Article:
Appalachian Dulcimer - IntroductionSometimes called "mountain" or "lap" dulcimer, Appalachian dulcimer is a fretted stringed instrument that you usually play with it lying in front of you, most often across your legs, though some folks play it standing up, with the thing resting on a special stand.
This instrument evolved in hard-to-reach regions of Appalachia among the Scotch-Irish settlers and their offspring. It is especially suited toward the kind of modal ballads those folks brought with them and continued to keep singing right up until the invasion of the radio.
The Appalachian dulcimer became better known to the "outside world" during the American Folk Revival, especially through the efforts of Jean Ritchie, a Kentucky singer whose dulcimer playing caught the Folk world's attention.
At the right, Jean is shown in a cover photo to a book she wrote about dulcimers and people who played them. The dulcimers belong to her, her friends, and her friends' friends, just to show the variety that has been produced.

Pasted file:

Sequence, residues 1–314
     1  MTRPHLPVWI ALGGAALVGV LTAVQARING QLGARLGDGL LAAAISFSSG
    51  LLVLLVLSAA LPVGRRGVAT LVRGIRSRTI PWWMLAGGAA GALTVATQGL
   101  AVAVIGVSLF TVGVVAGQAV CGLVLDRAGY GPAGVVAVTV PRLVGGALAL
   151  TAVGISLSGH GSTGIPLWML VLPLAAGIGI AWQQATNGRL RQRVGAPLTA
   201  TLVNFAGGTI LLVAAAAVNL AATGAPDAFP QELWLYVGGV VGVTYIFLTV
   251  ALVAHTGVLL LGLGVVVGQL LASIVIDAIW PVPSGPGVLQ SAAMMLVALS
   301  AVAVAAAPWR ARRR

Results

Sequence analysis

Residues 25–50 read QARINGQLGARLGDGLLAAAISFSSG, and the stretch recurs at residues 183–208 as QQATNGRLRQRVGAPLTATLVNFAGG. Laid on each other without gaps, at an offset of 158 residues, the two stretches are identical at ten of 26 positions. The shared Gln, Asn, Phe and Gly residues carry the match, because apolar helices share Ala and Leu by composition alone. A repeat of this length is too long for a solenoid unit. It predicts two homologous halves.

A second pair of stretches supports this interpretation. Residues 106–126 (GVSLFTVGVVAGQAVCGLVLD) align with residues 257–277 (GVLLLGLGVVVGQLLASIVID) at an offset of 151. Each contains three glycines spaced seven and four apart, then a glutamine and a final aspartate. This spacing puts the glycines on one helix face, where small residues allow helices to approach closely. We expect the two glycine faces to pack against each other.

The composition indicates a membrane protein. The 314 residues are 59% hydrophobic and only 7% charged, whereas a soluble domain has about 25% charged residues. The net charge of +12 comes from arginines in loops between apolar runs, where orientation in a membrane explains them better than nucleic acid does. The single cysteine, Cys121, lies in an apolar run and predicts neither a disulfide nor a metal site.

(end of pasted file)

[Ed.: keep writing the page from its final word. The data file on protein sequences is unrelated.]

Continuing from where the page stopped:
Since the Appalachian dulcimer was exposed to the "outside world," may fans of traditional and acoustic music have adopted it, though they have also pushed for updates that made them easier to tune, to play in other keys without using modal scales, and to play chords, something Jean never did to speak of.
For a more detailed history of the Appalachian dulcimer, click here.
The following diagram shows the basic parts of a traditional dulcimer.
Note: Many traditional Appalachian Dulcimers have only one melody string. If they have two melody strings, they are tuned to the same note.
The next diagram shows a more modern instrument. The primary differences are:
The "zero fret" is just the way some builders make certain their intonation is sound. It's not, technically a feature.
Again, there is a very detailed explanation of why these changes occurred in our Appalachian Dulcimer - History article.
The following diagram shows another modern dulcimer. This one has a teardrop shape and guitar-style tuners. However it also shares the extra frets with the dulcimer shown just above.
Many other shapes have been tried, but these are the most popular.
As we add articles and "vet" other resources that you may find helpful, we will be adding them here.
More to ComeThere is much to know about these instruments, and we won't be able to do more than "scratch the surface," but people do keep coming to us with questions, so we plan to use this page as a place as an index to future articles.
And please stay in touch!
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